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How Culinary Tourism Is Becoming a Growing Trend in Travel

There's a growing population of travellers that have become more interested in the various cuisines and cultures from countries all over the world, and are planning vacations specifically to incorporate culinary trips. One of the reasons for this evolution has been wine, beer and food festivals.
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There's a growing population of travellers that have become more interested in the various cuisines and cultures from countries all over the world, and are planning vacations specifically to incorporate culinary trips. One of the reasons for this evolution has been wine, beer and food festivals. Toronto's Caribana Festival is a good example. Now in its 47th year it's expected to draw over one million tourists from all over the world, much the same as New Orlean's Mardi Gras and Brazil's Carnival.

According to the American Culinary Traveler, "The percentage of US leisure travelers who travel to learn about unique dining experiences grew from 40% to 51% between 2006 and 2013. USA Today Travel Tips states "culinary tourism became prominent in 2001 when Erik Wolf, President of the International Culinary Tourism Association (ICTA), presented a white paper about culinary tourism to his organization. The paper evolved into a book that documented the growing interest in food and wine tourism..."

With this ever-growing trend, the industry has seen a rise in new food blogs and websites. Print magazines have expanded their online presence to cover a wider scope of food, recipes and travel. Just take a look at Bon Appétit.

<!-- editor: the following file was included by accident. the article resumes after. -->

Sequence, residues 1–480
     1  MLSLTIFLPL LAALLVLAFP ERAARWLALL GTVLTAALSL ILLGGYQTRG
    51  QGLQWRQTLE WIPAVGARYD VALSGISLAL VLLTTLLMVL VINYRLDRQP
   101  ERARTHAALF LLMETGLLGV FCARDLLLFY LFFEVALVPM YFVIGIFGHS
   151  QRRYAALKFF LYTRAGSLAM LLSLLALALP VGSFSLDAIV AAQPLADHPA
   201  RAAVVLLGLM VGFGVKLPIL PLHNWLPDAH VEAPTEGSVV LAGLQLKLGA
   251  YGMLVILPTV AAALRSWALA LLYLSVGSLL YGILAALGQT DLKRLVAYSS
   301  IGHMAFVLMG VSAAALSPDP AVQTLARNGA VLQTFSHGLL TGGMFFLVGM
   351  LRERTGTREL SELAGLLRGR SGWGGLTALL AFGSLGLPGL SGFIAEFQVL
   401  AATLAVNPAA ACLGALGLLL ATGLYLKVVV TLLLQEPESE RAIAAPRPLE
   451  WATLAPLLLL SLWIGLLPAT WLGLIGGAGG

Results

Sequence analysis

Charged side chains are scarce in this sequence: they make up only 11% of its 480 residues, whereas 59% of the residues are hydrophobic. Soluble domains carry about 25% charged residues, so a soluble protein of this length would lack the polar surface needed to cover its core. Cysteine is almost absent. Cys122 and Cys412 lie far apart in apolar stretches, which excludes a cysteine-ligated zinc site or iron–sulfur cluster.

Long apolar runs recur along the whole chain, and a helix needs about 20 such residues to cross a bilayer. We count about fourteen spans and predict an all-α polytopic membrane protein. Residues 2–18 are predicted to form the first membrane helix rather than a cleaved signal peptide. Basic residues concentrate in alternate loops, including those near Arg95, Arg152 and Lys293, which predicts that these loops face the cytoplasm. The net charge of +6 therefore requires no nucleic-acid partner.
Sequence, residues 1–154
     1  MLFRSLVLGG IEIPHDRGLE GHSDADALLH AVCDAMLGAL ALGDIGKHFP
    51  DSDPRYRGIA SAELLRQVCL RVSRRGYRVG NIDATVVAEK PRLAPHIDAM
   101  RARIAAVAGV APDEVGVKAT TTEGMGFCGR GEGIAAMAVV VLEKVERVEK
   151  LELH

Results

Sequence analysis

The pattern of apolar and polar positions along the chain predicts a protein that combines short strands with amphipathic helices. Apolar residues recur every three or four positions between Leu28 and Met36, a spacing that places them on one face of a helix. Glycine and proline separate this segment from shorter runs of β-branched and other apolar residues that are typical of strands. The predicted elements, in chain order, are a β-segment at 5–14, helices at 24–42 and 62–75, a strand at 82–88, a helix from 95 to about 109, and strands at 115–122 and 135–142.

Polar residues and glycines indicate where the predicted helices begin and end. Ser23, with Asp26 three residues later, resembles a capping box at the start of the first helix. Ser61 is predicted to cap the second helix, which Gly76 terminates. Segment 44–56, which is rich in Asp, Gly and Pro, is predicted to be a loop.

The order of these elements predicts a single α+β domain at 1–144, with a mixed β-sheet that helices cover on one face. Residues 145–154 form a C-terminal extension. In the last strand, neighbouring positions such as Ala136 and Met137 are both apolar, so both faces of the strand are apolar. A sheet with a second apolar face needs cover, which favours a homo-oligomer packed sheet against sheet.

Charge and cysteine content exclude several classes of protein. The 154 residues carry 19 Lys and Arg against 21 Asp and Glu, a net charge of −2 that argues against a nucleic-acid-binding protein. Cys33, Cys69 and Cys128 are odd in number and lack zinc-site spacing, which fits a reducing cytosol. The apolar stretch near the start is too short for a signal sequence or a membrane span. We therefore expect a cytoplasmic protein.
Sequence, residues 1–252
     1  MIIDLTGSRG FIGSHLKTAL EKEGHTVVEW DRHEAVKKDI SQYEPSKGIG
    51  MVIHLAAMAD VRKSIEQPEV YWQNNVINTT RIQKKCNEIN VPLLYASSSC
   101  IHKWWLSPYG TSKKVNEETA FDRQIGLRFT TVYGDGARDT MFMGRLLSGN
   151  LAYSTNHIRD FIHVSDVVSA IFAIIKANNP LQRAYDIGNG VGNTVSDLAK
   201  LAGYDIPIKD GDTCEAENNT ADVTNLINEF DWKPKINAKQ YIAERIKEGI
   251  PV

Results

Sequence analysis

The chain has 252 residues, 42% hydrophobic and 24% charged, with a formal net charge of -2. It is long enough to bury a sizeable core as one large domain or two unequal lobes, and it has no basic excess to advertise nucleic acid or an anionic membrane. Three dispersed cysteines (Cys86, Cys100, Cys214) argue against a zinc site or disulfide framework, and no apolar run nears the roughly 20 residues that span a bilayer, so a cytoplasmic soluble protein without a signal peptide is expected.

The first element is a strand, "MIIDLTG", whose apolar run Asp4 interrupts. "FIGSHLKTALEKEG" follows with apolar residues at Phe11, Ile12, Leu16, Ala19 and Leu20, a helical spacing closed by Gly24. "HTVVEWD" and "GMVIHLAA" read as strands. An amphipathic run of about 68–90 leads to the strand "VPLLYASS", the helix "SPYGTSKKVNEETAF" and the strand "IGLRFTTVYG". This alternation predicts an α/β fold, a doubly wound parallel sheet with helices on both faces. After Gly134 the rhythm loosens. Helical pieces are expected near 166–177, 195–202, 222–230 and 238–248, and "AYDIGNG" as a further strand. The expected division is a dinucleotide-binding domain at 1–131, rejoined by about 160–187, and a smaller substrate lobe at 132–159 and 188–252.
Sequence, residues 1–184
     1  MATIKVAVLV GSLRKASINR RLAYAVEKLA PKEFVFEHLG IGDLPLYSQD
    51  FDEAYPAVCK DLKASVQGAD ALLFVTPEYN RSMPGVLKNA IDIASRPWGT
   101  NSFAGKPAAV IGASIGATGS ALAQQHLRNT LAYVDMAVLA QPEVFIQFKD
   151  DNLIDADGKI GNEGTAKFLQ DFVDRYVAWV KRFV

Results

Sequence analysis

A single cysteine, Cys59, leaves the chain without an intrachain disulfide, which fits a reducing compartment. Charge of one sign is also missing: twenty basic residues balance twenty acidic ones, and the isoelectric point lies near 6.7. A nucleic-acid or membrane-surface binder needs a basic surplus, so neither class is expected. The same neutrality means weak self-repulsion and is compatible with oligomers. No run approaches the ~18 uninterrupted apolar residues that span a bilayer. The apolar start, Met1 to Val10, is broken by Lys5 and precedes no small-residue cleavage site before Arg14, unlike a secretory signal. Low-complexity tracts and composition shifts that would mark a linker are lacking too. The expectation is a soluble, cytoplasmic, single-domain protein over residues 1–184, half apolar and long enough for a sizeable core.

A Cross Pollination of Culinary and Cultural Events

Ontario Culinary Tourism Alliance (OCTA) and Skift, published a report this year "The Rise of Food Tourism" in which they state, "...culinary tourists share millions of F&B (Food and Beverage) themed photos daily across social platforms like Twitter, Facebook, Instagram and especially Flickr. This increases travel consumers awareness of different cuisines and cultures and it fuels their desire to experience them." It was one of the most downloaded reports by the travel industry.

Rebecca Leheup, OCTA Executive Director had the following to say in the report: "Many festivals and events worldwide are demand generators for tourists, whether they are food-driven festivals or festivals that happen to have great food programs within a broader subject." She went on to say, "We're exploring how many of these festivals and events are actually using local food, or show-casing a taste of place, as a way to add value to consumers."

To get more insight into this growing trend, we asked Intrepid Travel's food product manager, Erica Kritikides few questions.

How did intrepid's food tours evolve? What was the Catalyst?

Food has always been core to the DNA of the Intrepid Travel experience -- tasting new dishes, encountering unusual ingredients, enjoying local hospitality -- after all, it's one of the most direct (and most delicious) ways to experience authentic local culture. Culinary travel-based TV shows, food magazines and food and travel blogs has generated a segment of travellers seeking a style of travel in which cuisine takes centre stage.

These travellers want to taste firsthand the flavours they have read, seen and heard so much about. The growth of the culinary tourism niche was a key driver in developing our Intrepid Real Food Adventures.

Did you see an emerging trend?

When we first started out, there were already a number of culinary tour operators, but most were pitching to the luxury "gourmet" market. In contrast, we could see global culinary trends were reflecting a growing interest in street food, home-cooking and local food traditions. As Intrepid is built on the philosophy of providing authentic 'real life experiences', we decided to put our own unique spin on culinary travel.